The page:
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BOSTON -- Even when they have equal access to specialized care, blacks with potentially curable lung cancer are about half as likely as whites to undergo surgery that could save their lives, according to a study by Dana-Farber Cancer Institute researchers.
Designed to identify the causes of racial discrepancies in lung cancer treatment in the United States, the research ruled out unequal access to medical care as the sole explanation. It did show that blacks were somewhat less likely to be offered lung cancer surgery, and were slightly more likely to refuse it than were whites. Overall, the study found that blacks who had equal access to care were 45 percent less likely than whites to have lung cancer surgery.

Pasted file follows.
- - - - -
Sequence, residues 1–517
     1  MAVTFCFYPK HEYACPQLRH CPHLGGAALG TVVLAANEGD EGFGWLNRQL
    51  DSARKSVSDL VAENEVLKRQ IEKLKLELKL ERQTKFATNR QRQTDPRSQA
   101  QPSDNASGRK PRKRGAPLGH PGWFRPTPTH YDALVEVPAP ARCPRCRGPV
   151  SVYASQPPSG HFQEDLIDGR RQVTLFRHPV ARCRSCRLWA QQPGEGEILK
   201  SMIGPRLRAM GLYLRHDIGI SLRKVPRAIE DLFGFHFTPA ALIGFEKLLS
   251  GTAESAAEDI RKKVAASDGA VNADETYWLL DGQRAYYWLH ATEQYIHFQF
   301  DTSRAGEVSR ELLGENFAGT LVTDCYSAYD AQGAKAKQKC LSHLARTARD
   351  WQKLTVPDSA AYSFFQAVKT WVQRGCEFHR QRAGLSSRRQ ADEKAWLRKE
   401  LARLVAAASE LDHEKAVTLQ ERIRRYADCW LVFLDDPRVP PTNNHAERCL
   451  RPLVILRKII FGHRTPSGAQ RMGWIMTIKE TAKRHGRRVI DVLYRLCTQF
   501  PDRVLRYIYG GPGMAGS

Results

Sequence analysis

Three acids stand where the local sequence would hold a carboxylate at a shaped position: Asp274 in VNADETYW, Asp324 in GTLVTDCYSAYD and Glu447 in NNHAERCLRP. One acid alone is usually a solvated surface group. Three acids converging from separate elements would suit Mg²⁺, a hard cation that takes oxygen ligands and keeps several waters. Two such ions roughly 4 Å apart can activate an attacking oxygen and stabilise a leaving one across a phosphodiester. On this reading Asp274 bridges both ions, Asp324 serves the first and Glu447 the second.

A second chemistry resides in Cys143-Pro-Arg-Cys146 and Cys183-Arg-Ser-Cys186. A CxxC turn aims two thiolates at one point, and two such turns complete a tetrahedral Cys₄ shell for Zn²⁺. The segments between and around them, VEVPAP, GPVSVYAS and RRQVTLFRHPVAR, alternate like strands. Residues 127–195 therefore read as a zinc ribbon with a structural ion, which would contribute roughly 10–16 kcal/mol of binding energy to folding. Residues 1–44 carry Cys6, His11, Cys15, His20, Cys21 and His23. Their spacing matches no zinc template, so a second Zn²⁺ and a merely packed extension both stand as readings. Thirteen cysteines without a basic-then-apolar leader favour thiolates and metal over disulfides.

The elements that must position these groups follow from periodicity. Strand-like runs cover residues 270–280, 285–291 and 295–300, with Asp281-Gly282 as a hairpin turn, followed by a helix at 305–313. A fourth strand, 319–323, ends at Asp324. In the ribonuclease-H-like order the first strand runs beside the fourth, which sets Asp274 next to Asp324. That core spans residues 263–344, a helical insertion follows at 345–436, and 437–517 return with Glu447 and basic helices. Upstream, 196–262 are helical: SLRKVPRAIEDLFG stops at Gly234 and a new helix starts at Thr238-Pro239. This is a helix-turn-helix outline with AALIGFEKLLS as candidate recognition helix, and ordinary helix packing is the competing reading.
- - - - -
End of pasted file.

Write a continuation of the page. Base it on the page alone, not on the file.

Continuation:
These findings …